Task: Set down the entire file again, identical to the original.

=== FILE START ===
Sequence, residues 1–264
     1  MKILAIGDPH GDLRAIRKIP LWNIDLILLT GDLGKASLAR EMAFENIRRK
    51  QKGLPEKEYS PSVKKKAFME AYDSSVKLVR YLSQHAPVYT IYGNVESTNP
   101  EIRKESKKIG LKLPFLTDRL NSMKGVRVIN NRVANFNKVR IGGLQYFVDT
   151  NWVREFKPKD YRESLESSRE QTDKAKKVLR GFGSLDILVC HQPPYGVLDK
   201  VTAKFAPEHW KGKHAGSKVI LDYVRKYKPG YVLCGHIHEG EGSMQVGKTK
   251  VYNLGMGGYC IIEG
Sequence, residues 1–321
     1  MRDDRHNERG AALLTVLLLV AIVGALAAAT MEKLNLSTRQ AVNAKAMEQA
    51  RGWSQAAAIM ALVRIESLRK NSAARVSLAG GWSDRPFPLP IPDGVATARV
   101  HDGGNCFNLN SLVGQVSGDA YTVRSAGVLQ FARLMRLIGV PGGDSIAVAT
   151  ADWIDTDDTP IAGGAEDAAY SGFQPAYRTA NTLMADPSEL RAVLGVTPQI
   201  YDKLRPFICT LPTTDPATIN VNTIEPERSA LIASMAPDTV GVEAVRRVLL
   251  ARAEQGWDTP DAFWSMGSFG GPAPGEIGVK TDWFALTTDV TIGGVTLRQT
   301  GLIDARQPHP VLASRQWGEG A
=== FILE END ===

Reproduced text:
Sequence, residues 1–264
     1  MKILAIGDPH GDLRAIRKIP LWNIDLILLT GDLGKASLAR EMAFENIRRK
    51  QKGLPEKEYS PSVKKKAFME AYDSSVKLVR YLSQHAPVYT IYGNVESTNP
   101  EIRKESKKIG LKLPFLTDRL NSMKGVRVIN NRVANFNKVR IGGLQYFVDT
   151  NWVREFKPKD YRESLESSRE QTDKAKKVLR GFGSLDILVC HQPPYGVLDK
   201  VTAKFAPEHW KGKHAGSKVI LDYVRKYKPG YVLCGHIHEG EGSMQVGKTK
   251  VYNLGMGGYC IIEG
Sequence, residues 1–321
     1  MRDDRHNERG AALLTVLLLV AIVGALAAAT MEKLNLSTRQ AVNAKAMEQA
    51  RGWSQAAAIM ALVRIESLRK NSAARVSLAG GWSDRPFPLP IPDGVATARV
   101  HDGGNCFNLN SLVGQVSGDA YTVRSAGVLQ FARLMRLIGV PGGDSIAVAT
   151  ADWIDTDDTP IAGGAEDAAY SGFQPAYRTA NTLMADPSEL RAVLGVTPQI
   201  YDKLRPFICT LPTTDPATIN VNTIEPERSA LIASMAPDTV GVEAVRRVLL
   251  ARAEQGWDTP DAFWSMGSFG GPAPGEIGVK TDWFALTTDV TIGGVTLRQT
   301  GLIDARQPHP VLASRQWGEG A